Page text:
Do things you don’t want to do. A bit contradictory to my “say no” advice, but on occasion, do things you don’t want to do, because they’re probably things you should do. When I look at my day’s weightlifting programming or the CrossFit workout and don’t like what I see, I make myself go to the gym. I don’t like to run. I’m terrible at rope climbing. I try to avoid strict pressing like it’s my job. But I need to do those things to be a better athlete, and so I do. It proves to me that I can do hard things each and every time.

You can ask for help. I can be a little too “I can do it myself,” but owning a business has taught me a valuable lesson: you can ask for help, and people are likely more than willing to give it. Whether that’s asking my instructors to help with something at the studio or even hiring an accountant to do my taxes, help is available – all I have to do is ask for it.

Vacation time should be used. We live in a culture that glamorizes the hustle – work 24/7, crushing it at your “real” job while building an empire on the side. We also don’t earn nearly the vacation time as our counterparts across the pond. But the time we do have should be used and used in full, whether you go on a European adventure or take a long weekend to sit by your apartment complex pool. You need the mental break to re-charge and come back to do your best work.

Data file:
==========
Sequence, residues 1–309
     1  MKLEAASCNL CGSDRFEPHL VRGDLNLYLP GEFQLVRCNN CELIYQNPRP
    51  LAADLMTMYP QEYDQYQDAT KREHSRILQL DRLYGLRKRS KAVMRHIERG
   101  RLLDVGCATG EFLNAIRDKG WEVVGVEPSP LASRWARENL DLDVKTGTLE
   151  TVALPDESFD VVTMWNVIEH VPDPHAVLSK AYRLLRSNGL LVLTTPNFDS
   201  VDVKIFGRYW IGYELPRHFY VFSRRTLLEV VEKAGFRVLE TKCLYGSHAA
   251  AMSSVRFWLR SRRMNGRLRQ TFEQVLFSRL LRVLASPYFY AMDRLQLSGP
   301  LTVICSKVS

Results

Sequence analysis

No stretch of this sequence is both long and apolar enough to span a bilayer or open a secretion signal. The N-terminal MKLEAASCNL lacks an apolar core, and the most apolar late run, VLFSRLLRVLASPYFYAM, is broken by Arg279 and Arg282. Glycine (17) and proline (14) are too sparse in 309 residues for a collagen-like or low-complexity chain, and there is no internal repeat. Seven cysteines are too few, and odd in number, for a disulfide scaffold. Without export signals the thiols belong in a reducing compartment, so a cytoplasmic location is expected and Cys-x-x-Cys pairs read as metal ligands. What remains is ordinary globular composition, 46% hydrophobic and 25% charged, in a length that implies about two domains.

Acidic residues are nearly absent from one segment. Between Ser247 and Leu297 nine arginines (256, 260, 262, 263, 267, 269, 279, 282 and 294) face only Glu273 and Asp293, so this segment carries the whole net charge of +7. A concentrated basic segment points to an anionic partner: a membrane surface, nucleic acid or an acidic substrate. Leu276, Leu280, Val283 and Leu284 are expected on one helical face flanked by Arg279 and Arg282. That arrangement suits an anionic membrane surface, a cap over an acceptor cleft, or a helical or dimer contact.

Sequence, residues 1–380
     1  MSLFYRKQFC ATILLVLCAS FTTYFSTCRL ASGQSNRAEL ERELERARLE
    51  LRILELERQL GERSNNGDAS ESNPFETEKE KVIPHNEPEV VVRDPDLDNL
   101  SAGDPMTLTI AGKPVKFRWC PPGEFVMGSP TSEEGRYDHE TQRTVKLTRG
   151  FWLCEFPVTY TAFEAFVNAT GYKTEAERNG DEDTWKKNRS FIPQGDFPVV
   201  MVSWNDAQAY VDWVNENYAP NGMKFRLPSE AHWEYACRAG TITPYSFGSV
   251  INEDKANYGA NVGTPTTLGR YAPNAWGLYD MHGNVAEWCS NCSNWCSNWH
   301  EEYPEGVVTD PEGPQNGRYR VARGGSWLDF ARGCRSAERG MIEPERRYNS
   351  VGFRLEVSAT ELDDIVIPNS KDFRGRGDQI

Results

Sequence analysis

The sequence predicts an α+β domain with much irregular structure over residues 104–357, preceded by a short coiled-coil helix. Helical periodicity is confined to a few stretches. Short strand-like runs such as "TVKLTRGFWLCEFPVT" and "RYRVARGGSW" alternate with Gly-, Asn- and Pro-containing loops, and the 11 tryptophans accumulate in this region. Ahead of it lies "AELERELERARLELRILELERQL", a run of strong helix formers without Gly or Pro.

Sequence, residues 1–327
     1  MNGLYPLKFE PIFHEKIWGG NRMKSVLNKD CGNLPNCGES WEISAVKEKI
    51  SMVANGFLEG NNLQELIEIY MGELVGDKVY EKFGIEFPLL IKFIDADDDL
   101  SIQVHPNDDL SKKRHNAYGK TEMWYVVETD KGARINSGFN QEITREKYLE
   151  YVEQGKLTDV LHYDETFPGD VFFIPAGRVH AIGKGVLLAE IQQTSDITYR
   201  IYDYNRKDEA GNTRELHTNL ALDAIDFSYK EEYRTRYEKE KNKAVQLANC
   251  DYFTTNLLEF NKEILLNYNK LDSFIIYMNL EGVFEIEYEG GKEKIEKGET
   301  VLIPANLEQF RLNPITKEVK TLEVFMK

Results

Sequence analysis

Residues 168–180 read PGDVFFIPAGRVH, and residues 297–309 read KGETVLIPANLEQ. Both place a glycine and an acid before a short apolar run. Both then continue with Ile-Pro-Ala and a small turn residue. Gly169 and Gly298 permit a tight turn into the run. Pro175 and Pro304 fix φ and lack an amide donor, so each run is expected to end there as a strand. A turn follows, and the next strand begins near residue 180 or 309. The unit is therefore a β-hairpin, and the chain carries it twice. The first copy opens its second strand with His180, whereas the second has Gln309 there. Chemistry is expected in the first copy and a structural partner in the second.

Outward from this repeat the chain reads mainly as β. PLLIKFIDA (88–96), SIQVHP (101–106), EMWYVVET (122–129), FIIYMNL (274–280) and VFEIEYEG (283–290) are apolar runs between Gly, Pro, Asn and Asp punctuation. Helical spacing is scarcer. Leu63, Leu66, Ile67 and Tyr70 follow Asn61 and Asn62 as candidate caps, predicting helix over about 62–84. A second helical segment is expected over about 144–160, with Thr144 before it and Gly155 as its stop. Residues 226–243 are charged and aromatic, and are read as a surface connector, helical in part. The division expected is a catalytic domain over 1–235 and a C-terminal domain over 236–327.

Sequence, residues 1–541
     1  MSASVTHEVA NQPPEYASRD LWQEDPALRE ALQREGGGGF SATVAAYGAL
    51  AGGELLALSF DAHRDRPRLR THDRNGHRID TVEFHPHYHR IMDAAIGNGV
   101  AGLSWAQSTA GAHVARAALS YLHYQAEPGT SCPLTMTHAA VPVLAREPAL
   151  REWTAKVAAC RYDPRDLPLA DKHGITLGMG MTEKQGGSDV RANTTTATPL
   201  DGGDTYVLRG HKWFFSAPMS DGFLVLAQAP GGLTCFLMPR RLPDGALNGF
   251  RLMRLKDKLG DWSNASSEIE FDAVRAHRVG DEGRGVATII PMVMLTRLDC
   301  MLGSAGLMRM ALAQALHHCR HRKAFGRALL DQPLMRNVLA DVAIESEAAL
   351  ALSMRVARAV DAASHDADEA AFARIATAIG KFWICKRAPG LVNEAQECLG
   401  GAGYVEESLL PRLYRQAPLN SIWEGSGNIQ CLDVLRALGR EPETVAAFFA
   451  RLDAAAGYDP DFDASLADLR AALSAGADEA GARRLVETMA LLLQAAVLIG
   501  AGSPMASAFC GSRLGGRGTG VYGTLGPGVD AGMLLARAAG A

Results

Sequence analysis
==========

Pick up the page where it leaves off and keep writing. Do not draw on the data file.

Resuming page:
Home changes. I spent this past weekend in my hometown. I had a great time visiting family and friends and returning to old haunts. But I also realized that Charlottesville isn’t “home” anymore. My hometown, yes, always, but it’s no longer where I belong. You can always go home, I suppose, but my definition of home has changed over the years – and I’d bet it will change again and again in the years to come.